When looking at a home to buy, typically buyers walk around and try to imagine themselves living in the space.
Does it have the right layout? Are there enough bedrooms? Do we like the kitchen? Do we like the neighborhood?
But, the down and dirty parts don’t really get looked at until inspection time. The inspector will crawl under your house to see what might be lurking under there. And he/she will poke around in all the recesses of your attic. The roof will get a once-over. These are the things not readily seen upon first and second showings. But, it’s crucial that they be inspected.
I tell all my home-buyers, “Go to your inspection!” There is no better way to learn about the house you’re about to purchase than shadowing a home inspector for an hour or two. Ask your Realtor and your friends whom they recommend. If you’re buying an older home, be sure to hire an inspector who knows about old properties and vice versa for new construction. Set aside a few hours for your inspection.
A good home inspector knows a LOT about construction, electrical systems and breaker panels, plumbing, appliances, fire safety, roofing, lots and drainage issues, heating and cooling systems and all the other pieces and parts that make up your new home. The major systems need to be in good working condition. If not, the inspector will tell you whether something is a safety hazard or just a minor glitch.
Be sure to ask for an estimate for the work before you hire an inspector. They usually run between $300-$500 depending on the size and scope of the house. Typically, the interior and exterior surfaces and construction materials are part of the inspection along with all the major ‘systems’ of the home. Add-on services may include testing for the presence of lead, radon or mold, and they will usually cost a bit more.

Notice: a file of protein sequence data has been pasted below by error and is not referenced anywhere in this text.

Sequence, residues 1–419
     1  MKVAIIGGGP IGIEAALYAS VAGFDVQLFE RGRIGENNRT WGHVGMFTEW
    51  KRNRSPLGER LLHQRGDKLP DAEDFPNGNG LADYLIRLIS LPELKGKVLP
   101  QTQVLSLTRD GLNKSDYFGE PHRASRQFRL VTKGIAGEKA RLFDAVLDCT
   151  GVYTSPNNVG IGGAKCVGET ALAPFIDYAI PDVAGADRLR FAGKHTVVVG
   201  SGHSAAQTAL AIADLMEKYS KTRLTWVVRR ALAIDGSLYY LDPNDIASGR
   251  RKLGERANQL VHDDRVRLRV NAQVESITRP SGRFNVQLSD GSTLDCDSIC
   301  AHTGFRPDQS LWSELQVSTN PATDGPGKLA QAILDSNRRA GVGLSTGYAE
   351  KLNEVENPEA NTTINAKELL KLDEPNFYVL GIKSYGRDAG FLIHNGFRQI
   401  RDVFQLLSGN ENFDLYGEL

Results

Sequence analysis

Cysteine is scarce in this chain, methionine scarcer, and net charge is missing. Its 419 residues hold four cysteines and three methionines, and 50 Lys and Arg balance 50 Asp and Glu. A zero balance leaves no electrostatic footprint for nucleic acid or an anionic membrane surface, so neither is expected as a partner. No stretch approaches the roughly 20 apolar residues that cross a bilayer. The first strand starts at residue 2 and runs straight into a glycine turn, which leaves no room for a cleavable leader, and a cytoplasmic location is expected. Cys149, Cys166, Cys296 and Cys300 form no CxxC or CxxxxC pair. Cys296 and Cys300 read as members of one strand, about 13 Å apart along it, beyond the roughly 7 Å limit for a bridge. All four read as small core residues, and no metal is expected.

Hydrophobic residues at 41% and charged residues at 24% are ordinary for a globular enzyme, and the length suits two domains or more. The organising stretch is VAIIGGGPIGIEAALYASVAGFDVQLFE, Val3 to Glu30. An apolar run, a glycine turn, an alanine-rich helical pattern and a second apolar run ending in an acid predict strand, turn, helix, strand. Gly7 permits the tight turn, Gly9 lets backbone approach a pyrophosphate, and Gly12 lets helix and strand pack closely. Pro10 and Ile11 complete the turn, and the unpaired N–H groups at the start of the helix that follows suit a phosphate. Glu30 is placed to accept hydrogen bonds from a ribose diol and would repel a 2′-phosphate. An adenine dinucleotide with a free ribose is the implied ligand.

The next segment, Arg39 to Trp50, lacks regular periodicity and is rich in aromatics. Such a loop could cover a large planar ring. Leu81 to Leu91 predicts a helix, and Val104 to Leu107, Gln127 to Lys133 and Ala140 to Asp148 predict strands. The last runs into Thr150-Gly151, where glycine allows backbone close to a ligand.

Not only is the inspection the time to find out what’s wrong with your new home, but inspectors are good at pointing out some of the finer points, as well. For example, during my own home inspection, the inspector’s assistant introduced me to my whole-house generator…something I’d never seen or used. He explained how to turn it on, how to test it and surprised me by telling me how much it costs to install and connect one. I felt a lot better about the price I’d paid for my house! He also taught me how to light the pilot light on my gas fireplace, for which I’m eternally grateful.
If you’re buying a historic property, be sure to take parts of the inspection report with a grain of salt. Many items that might be a code violation today, were not so at the time your turn-of-the-century home was built. These items can be updated at a later date, but should not necessarily be part of the negotiation process. And, remember that just because something in the house is old and outdated, doesn’t mean that it doesn’t work. I’ve seen many home-buyers get bogged down in negotiations over minor imperfections that just come with buying an older home. You’ve got to decide what you can and can’t live with when this happens. Be sure to focus on the major systems and structural elements of the house.
>Most importantly, don’t be afraid to ask questions!
Your inspector is there to represent your best interests and he/she should be more than willing to look into anything that concerns you and to explain things you might not understand. These are the things to expect when you’re inspecting.